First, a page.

You feel restless when you’re trying to — rest! Especially your legs – you just have to move them. It’s making it hard to sleep, actually. You might just feel restless, or actually feel “pins and needles” or an itchy feeling in your legs.
This is a common condition known as restless legs syndrome. It has long been associated with migraine, as well as conditions such as diabetes. For a quick summary, check out this graphic on restless legs syndrome and migraine.
A study completed last year has confirmed once again the connection between RLS and migraine (Prevalence of restless legs syndrome in migraine patients with and without aura: a cross-sectional, case-controlled study).
This study did find a that your risk of RLS increases with migraine with aura, and also with chronic migraine. Perhaps unsurprisingly, other factors included anxiety and poor sleep.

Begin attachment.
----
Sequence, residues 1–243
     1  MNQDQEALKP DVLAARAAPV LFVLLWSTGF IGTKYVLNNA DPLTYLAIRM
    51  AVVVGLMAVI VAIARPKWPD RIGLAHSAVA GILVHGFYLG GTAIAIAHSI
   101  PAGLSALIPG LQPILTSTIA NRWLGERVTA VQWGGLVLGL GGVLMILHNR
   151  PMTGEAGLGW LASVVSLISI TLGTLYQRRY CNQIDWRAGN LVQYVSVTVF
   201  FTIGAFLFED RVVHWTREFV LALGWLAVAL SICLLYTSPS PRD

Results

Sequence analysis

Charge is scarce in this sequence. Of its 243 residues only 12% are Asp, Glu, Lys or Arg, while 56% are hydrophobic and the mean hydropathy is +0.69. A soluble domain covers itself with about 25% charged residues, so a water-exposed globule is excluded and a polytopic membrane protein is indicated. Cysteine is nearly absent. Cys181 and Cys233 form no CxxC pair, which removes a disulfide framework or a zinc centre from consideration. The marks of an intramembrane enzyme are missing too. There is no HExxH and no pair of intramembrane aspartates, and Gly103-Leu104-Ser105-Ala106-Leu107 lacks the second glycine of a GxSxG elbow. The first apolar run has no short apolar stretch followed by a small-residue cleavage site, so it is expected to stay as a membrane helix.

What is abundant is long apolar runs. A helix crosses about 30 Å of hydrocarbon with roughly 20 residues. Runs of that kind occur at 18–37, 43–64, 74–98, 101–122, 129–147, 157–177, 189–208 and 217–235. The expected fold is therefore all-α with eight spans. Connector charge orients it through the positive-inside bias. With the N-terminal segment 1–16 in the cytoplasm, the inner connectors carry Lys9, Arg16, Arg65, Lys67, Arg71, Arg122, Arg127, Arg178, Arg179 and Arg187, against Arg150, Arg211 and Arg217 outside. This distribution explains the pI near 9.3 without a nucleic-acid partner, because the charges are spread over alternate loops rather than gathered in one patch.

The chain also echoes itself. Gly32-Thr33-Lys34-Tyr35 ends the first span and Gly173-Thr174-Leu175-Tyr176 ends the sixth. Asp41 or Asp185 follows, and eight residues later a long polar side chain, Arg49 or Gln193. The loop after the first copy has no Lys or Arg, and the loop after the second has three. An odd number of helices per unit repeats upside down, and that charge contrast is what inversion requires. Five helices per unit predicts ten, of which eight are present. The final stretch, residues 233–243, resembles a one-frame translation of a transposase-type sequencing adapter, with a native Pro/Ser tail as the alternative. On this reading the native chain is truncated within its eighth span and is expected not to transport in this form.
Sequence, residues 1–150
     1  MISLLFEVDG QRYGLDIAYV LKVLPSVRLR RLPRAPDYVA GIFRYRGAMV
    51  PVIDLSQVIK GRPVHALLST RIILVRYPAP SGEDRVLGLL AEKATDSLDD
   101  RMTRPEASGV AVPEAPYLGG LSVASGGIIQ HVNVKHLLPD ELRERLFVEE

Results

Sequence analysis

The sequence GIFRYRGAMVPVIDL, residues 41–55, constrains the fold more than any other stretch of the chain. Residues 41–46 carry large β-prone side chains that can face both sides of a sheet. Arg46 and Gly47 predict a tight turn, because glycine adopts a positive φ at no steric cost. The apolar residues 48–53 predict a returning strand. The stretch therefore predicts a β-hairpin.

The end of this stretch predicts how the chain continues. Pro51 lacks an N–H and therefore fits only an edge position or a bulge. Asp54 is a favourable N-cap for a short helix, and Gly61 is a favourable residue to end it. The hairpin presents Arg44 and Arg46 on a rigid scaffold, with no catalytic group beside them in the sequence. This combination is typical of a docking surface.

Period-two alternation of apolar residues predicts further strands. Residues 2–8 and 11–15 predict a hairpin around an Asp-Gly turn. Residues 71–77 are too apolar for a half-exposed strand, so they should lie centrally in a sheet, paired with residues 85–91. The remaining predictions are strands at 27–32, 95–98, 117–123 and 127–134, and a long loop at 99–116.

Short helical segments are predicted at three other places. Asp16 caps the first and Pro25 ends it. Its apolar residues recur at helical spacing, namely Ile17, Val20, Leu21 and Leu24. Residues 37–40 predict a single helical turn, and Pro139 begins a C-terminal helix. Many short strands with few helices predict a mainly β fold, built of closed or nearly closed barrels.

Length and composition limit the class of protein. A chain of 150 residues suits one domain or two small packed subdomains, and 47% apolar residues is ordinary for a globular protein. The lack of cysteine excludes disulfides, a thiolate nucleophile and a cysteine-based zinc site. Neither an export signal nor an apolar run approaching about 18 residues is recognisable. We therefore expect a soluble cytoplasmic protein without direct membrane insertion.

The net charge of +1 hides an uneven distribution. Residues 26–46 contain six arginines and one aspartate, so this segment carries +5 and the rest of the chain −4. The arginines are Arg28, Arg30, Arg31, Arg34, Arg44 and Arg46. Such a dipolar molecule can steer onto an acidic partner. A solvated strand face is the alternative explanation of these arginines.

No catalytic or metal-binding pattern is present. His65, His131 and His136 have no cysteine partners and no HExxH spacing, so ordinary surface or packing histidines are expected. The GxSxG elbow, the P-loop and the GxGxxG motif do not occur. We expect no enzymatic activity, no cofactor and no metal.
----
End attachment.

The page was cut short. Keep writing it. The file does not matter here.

Some people have this condition and don’t even realize it. But it is robbing them of sleep – and that can lead to more and worse migraine attacks.
A while ago we talked about an important question that your doctor should ask you – When you woke up this morning, did you feel refreshed? If you have chronic migraine – the answer is almost certainly no.
The lack of good sleep could be caused by RLS – or a type of sleep apnea, among other things. But it’s almost certainly going to lower your sense of well being, increase anxiety, and increase symptoms of migraine.
Treating migraine may actually help with symptoms of RLS, but it could also work the other way around. That’s why it’s wise to talk to your doctor about both.
If you’re not sure if you have RLS, the Restless Legs Syndrome Foundation has a handy tool you can use to keep track, similar to a headache diary. Talk to your doctor about your sleep. Be cautious of caffeine (watch out for medications that contain caffeine!), and try taking a walk shortly before bed time.
It can be a vicious circle when you suffer from migraine and RLS. But there is help available if both conditions are taken seriously.